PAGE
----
Getting to the Bottom of it!

All the equines at Remus are under a strict worming programme which allows us to keep on top of any parasitic worm problems and assess the right treatment course. A worm burden for a horse can vary in its severity due to the horse’s age and any pre-existing health problems. In most cases a low worm burden number will cause very little problems to an individual but when this becomes high it can cause a horse to be in poor health, with loss of body condition and even colic.

Prevention is always the best course of action, and we undertake a few tasks and follow a few set rules to minimise the risk of problems occurring:

  • Firstly, where possible, we try to keep on top of de-dunging our fields, this then concentrates any faecal eggs either into one pile in a field where the horse is unlikely to graze from, or it is brought up to the muckheap to then be taken off site.
  • Secondly, we try to keep individuals in the same set groups and rarely move them around to different fields that have housed different animals over time. This then creates little ecosystems and populations of worm problems in set fields with set individuals in that field rather than a mass site infection.
  • Lastly, we weigh all of our stabled horses weekly and the field horses on a monthly basis, which then flags up any that have suddenly lost a lot of weight in a short space of time as this can be indicative of a worm burden problem, as can some colics.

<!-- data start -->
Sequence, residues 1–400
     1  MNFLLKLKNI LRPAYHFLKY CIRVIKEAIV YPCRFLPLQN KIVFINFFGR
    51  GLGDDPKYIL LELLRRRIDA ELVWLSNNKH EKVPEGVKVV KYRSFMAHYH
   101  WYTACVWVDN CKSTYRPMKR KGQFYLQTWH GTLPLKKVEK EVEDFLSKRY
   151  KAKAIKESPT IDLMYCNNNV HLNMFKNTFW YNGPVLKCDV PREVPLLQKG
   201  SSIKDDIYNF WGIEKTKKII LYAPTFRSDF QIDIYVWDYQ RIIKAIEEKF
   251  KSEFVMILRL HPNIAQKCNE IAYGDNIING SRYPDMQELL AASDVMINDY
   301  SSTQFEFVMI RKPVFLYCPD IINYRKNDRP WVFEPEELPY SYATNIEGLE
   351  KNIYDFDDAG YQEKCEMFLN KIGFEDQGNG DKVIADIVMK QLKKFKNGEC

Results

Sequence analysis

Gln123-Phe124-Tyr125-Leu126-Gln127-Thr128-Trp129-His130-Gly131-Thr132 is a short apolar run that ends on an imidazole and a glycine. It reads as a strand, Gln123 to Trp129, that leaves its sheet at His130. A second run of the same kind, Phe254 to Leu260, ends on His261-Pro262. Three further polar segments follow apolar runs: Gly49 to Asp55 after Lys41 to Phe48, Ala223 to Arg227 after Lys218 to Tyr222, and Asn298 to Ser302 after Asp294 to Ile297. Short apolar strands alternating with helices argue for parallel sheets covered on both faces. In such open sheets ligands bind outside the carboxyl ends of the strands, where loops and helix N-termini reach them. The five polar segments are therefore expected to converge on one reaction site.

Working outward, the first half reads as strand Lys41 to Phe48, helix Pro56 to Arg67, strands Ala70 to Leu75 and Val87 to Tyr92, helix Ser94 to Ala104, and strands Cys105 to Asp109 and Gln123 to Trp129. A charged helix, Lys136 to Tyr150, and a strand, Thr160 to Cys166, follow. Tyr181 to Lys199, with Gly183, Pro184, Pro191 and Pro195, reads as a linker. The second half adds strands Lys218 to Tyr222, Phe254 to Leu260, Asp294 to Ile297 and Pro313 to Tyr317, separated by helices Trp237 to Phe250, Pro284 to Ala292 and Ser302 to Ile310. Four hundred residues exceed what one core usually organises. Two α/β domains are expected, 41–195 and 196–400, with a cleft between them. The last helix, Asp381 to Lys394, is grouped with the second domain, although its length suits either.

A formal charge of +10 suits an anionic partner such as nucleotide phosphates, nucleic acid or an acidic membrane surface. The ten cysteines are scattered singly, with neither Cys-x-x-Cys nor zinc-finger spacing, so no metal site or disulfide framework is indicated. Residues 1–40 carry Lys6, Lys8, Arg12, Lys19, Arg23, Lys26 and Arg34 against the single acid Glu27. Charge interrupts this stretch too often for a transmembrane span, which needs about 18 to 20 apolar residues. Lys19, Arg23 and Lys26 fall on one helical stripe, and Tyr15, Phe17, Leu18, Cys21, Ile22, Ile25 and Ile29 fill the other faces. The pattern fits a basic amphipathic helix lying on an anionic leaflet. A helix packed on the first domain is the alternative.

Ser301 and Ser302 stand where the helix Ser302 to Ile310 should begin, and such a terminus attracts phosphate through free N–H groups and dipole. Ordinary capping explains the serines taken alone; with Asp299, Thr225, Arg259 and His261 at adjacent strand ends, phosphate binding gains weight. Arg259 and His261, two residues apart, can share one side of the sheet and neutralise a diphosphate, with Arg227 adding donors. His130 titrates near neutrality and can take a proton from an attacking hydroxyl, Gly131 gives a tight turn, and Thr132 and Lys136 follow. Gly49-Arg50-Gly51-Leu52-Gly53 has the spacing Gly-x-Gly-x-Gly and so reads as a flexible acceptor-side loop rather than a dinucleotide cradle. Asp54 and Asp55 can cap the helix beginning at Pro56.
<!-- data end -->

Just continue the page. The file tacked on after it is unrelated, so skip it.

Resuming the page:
Every 12 weeks (depending on the type of wormer being used), we carry out dung samples for all of our equines to see what or if any faecal eggs are found and to what concentration. We don’t worm a horse unless a reading of more than 200 eggs per gram is given – you do not want to overuse wormers especially with the current climate of resistance to these products being increasingly found.

However, we do worm everyone at least once a year as well as give them a wormer for tapeworm which cannot be measured by doing faecal egg counts. The measurement for tapeworm requires a different test and the horse is treated with a different class of wormers for this problem. Everyone has a dung sample collected to be sent off to the laboratory for testing and then it’s posted off to the laboratory to undertake this screening.

As you can image, this is all both administratively burdensome and time consuming, and any donation you can make to help our ongoing costs would be very much appreciated.

Sadly our final Open Day of the season is swiftly approaching. Join us on Sunday 1 October for our last Open Day of 2023.

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